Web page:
Auguste went and woke up his family and was the first to rush outside. He ran to the village well all the while screaming, "Fire! Fire!" to wake the villagers and with a bucket of water drawn from the well, he ran towards Helena's home.
By the time he arrived, however, the cabin was completely ablaze. Little Auguste splashed his bucket of water over the entrance, dousing the flames for but an instant before it flared to life once more.
"Lena!" Auguste cried out, hoping for some kind of response. However, he heard nothing but the crackling of the fire.
Staring into the inferno, feeling the heat upon his skin, the young boy felt a creeping despair slowly wrapping its fingers upon his heart. He did not want to believe. He wished that this was all a nightmare.
Then, he heard a cry from the woods, the woods in a distance. At first, he had thought that it was but his imagination or that it belonged to some beast. However, he then heard a second one, a cry that he found familiar. It's a sharp, pained cry that haunted his nightmares, a cry that he would sometimes hear in his sleep, waking him up. The cry came from the forest.
Little Auguste ran into the woods. There was no need for a torch or a light source, for there was a trail, a trail of fiery footprints and burning branches providing the light. Auguste wasn't sure what the trail was, but he was sure that he recognized the voice of the pain cries. And though it felt nothing like her usual gentle tone, he was sure that it was Helena.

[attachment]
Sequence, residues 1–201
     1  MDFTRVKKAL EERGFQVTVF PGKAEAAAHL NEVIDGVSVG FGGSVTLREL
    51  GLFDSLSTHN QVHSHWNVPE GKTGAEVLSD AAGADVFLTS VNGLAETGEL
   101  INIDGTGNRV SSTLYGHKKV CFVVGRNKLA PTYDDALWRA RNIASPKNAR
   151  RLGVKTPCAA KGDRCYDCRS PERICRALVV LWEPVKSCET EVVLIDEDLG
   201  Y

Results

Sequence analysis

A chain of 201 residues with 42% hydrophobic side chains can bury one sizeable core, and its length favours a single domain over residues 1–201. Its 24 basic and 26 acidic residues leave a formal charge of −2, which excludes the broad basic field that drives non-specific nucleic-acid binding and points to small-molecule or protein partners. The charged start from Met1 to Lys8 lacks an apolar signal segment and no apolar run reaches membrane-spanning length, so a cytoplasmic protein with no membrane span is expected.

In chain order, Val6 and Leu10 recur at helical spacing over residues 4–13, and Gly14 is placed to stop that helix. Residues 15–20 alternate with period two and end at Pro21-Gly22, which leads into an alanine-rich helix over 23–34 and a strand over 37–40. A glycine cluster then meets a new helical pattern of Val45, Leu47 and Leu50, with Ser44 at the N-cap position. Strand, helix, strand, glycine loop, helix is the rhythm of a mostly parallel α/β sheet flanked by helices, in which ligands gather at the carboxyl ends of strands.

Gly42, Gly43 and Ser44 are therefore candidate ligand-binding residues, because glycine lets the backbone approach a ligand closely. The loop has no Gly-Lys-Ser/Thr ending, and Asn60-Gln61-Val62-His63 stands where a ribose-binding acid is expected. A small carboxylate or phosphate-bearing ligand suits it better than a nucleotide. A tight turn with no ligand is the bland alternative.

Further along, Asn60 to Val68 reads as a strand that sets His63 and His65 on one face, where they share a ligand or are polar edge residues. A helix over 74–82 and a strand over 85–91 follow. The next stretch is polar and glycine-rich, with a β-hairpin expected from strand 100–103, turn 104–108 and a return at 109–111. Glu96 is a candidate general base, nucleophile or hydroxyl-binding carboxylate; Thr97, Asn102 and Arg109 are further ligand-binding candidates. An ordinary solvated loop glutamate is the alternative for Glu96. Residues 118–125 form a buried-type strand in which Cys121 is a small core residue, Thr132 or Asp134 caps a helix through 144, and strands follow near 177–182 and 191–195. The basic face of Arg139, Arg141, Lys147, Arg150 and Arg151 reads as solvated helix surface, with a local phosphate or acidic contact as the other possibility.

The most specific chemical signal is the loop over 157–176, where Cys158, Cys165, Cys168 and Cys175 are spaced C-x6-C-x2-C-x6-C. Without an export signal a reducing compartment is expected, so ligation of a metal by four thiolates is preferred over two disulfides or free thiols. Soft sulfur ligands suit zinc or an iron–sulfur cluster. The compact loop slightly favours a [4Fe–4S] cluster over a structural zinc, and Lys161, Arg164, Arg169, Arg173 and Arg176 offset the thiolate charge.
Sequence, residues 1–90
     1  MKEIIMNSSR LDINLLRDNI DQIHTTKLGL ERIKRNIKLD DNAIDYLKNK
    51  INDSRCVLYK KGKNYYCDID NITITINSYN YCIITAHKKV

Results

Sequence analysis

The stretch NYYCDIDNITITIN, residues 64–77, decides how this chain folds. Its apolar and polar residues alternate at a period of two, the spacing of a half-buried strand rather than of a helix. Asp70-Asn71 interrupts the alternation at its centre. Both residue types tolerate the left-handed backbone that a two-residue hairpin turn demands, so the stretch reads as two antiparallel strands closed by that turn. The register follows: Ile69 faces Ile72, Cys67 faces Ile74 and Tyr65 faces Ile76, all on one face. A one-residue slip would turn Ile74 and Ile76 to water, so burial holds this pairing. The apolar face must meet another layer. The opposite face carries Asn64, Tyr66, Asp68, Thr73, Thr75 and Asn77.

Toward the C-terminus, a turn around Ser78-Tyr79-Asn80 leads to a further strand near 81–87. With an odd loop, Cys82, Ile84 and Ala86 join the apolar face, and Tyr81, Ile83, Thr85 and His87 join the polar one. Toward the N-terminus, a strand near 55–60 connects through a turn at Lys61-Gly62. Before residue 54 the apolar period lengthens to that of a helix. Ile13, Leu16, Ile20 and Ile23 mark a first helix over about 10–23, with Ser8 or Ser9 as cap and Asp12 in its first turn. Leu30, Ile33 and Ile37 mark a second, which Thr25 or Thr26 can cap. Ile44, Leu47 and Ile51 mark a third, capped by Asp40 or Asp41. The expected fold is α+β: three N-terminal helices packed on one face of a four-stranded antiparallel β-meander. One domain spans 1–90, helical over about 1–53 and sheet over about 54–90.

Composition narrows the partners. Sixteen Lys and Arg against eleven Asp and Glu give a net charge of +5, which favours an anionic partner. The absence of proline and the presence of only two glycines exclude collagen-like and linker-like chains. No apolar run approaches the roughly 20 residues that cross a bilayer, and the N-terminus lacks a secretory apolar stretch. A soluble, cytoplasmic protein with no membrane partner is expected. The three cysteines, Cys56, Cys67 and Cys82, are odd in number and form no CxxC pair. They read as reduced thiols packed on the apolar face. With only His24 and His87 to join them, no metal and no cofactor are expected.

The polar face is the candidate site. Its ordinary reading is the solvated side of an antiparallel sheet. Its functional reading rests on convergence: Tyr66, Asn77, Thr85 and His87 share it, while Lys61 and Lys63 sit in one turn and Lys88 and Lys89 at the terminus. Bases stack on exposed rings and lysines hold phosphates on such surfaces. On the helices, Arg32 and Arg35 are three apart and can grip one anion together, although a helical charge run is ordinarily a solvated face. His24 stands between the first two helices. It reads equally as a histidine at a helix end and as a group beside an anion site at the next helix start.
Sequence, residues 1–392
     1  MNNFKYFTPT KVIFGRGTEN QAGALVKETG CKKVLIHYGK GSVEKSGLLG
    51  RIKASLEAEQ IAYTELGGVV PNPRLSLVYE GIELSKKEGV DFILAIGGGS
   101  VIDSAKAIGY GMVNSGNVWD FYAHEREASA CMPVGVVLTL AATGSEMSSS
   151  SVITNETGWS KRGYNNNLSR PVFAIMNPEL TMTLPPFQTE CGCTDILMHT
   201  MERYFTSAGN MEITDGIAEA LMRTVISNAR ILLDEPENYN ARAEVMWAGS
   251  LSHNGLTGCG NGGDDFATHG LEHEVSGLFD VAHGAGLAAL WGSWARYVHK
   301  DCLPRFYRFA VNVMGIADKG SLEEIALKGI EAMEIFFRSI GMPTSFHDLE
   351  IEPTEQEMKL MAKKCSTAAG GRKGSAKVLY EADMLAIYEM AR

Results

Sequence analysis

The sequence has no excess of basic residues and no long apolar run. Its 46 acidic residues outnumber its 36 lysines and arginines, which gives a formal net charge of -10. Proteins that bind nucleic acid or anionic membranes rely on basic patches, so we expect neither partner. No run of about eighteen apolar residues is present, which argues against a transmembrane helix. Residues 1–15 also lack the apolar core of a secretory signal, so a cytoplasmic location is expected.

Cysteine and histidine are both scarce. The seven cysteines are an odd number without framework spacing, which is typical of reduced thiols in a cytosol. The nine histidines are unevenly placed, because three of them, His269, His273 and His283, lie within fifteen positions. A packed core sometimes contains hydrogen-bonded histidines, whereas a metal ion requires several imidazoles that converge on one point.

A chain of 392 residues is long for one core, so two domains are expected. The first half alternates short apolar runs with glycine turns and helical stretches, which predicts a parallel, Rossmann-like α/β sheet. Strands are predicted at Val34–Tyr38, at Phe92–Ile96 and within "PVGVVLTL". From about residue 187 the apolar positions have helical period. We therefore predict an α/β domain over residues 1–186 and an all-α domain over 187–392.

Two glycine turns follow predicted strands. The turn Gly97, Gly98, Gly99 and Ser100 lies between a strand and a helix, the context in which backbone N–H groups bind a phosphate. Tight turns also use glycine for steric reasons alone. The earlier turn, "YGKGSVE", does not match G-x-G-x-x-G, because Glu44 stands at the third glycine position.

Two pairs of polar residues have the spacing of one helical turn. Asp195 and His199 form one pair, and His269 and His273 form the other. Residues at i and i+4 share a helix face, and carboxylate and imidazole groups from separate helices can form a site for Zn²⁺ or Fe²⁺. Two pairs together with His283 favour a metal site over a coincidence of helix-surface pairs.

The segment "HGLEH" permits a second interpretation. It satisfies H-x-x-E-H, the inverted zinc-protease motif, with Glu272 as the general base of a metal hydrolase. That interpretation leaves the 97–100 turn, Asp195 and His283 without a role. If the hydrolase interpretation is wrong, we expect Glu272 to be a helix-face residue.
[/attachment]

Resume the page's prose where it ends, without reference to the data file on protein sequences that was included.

"I'll kill you! I swear I'll kill you!!!"
As Auguste drew closer, he could hear her, screaming threats at something. A fire seemed to be spreading throughout the woods. If he doesn't get Helena and leave soon, they might be caught up in the growing forest fire.
"Lena, wait!" Auguste called out, but Helena did not give him any heed. Her attention was elsewhere.
With her father's bow in hand and arrows drawn against the bowstring, again and again, Helena let loose arrows after arrows into the trees, trying to shot down something weaving its way through the woods. Auguste thought that he could almost see what it was, no, he could definitely see it, as it seemed to be on fire, but he can't quite make out its shape through the flames. At times it would run on its two legs like a human but at others, it would be on all fours, moving like a beast. In time, an arrow finally struck the creature's back, causing it to fall over and allowing Helena to catch up.